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Googling oneself goes mainstream

December 24, 2007

by Ivan Raconteur

Several years ago, at a hip little soiree, I was leaning up against a doorjamb enjoying a libation and a morsel of aged cheddar and chatting with an attractive young woman, when she imparted some surprising news.

“I Googled myself last night,” she confided.

Of course I misunderstood.

I had never heard this expression before, but, fortunately, I continued to listen raptly to her story, and soon discovered that what she meant was that she had entered her name in a search engine to see what information about her might be posted online.

Today, it still makes me laugh when a woman talks about Googling herself, but the practice has become much more common, and the term is forever etched on our popular culture.

One can even purchase a T-shirt screened with the message, “I Googled myself last night.” The shirts can be found at VintageCotton.com. They are available in three colors and cost $16.99.

A recent study released by the Pew Internet and American Life Project said 47 percent of adult Internet users in this country have searched for information about themselves using Google or some other search engine.

This is more than double the percentage of people who admitted to self-Googling in 2002.

Those with higher incomes and higher levels of education were more likely to engage in the practice, perhaps because they are the most concerned about their online image.

There is some sense to this trend. Even if we aren’t Googling ourselves, it is likely that other people are. Googling us, that is.

The study showed that 53 percent of those surveyed had looked up information about other people (not including celebrities).

Checking out one’s friends, neighbors, and co-workers is apparently quite common.

The practice is also gaining popularity among employers and organizations who may check out an applicant online before scheduling an interview or choosing to do business with a person.

Not surprisingly, Googling others has also become a part of the dating game.

Men and women Google themselves at about the same rate, but when it comes to dating, women are more likely to Google people they are going out with than men are.

This is probably because as guys, we are so happy when a woman agrees to go out with us that we don’t care about her past or her other activities. She could be a retired axe-murderer for all we care, as long as she is good company and willing to spend time with us.

Women, on the other hand, are always suspicious of guys, no matter how well things are going.

Interestingly, teens are more likely than adults to restrict who can view their profiles on social networking sites such as Facebook or MySpace.

One would think that the younger people, who have grown up in the digital age, would be more comfortable posting personal information on their profiles. Perhaps they are, but they apparently are also more wary of those who might see their profiles. Maybe these teens actually listened when their parents were lecturing them about the dangers of online predators.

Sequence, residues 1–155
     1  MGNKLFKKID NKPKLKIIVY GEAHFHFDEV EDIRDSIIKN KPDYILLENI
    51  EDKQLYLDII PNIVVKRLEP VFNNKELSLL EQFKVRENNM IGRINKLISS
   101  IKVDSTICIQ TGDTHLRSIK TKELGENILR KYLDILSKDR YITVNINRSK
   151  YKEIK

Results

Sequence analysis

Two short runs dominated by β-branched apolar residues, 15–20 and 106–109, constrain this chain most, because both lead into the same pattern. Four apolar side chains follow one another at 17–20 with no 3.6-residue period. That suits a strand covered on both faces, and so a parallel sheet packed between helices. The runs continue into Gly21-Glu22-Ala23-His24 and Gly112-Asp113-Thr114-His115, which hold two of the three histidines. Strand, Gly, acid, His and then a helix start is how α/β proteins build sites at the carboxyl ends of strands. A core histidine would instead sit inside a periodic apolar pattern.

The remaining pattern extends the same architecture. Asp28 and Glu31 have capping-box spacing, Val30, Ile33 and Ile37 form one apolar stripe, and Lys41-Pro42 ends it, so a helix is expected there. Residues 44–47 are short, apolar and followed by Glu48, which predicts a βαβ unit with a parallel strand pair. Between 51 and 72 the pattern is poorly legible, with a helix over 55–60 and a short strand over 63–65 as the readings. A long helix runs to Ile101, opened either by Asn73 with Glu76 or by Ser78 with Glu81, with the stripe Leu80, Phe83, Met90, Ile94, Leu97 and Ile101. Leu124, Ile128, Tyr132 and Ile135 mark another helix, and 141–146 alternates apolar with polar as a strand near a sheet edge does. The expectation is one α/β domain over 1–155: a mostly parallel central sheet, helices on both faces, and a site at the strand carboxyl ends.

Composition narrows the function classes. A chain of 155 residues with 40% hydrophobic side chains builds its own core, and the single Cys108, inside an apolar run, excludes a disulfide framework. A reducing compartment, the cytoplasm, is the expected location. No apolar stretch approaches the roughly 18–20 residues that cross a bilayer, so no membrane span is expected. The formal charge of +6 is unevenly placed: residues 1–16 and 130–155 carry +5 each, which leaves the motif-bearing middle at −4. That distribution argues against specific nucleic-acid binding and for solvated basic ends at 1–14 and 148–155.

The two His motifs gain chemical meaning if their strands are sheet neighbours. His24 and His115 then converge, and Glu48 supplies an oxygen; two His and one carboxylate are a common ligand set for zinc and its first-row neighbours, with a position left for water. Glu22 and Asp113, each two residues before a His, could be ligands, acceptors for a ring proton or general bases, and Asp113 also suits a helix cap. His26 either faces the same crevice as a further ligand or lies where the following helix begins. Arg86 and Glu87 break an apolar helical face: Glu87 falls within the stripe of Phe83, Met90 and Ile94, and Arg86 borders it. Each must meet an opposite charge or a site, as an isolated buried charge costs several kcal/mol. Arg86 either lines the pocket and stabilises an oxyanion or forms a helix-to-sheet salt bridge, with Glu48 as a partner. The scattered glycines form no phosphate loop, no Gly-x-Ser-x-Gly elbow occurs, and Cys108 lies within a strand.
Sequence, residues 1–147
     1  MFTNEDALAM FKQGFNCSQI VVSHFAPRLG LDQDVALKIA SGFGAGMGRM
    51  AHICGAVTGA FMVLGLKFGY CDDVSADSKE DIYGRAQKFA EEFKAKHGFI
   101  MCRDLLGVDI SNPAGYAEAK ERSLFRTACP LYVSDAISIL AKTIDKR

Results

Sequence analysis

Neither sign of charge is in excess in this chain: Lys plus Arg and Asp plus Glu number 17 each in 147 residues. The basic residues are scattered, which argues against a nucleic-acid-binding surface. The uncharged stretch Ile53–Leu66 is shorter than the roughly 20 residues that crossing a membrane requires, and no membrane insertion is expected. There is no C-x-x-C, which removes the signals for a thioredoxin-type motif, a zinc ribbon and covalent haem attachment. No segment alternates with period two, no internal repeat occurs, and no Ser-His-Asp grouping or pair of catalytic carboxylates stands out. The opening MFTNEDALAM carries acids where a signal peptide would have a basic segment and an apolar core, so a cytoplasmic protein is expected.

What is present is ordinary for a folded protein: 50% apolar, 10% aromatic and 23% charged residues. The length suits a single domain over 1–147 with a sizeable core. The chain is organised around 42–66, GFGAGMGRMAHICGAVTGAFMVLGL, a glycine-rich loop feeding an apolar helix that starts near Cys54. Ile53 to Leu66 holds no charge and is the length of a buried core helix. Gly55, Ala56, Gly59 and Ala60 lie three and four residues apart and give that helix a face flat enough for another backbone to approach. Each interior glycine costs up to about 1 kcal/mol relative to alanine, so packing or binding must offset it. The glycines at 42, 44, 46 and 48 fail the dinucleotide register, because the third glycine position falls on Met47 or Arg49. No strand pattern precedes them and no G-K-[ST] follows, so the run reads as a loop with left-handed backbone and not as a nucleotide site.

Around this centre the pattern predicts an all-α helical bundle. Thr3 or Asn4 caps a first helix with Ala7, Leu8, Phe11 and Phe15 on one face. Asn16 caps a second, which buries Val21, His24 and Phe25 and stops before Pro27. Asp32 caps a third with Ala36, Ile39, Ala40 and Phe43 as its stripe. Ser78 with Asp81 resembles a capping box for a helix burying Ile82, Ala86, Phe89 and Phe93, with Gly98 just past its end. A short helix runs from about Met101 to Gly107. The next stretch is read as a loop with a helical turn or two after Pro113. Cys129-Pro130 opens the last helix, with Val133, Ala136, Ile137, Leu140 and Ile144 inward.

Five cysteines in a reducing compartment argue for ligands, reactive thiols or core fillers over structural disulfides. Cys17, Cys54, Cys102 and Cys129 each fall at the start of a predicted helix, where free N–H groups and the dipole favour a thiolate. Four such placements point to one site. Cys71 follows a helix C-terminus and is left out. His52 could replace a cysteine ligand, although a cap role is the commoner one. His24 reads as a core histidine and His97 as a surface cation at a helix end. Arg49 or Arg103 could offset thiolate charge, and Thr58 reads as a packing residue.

The good news that emerged from all of this self-Googling is that only 4 percent of those interviewed reported finding information that they deemed inaccurate or embarrassing.

It is somewhat reassuring, in view of the mountains of information about all of us that are piling up online, to find that at least for now, most of it seems to be accurate.

In spite of this, it may be a good idea to take a gander at what is posted about us online. According to yourseoplan.com, some privacy experts suggest that we should do so on a regular basis, just so we are aware of what is out there.

If we don’t, we may never know what that hot girl we just met, our potential new employer, or our future mother-in-law might be reading about us.

If photos documenting our exploits during spring break or stories chronicling the indiscretions of our spirited youth are lurking out there on the Internet, they might provide a fun way for us to take a stroll down memory lane, but we may not want our employer to see them.

If we do find inaccurate information, we have a few options.

We can ask the owner of the page that contains the inaccurate information to remove it (assuming we are able to identify and contact this person).

We can ask to have the information corrected or updated.

If these steps don’t work, we can try to minimize the offending information by getting more favorable information about us posted.

The trick is to get the accurate results to come up higher on the search list than the inaccurate ones.

The world is always changing, and we have to adapt to new customs. We need to remember that when people Google themselves, they are simply trying to keep the data along the information superhighway as accurate as possible.

We also need to remember that these days, it is not just Big Brother checking us out online, it is more like “everybody and his brother,” so Googling oneself periodically is not only acceptable, but may be a very wise policy.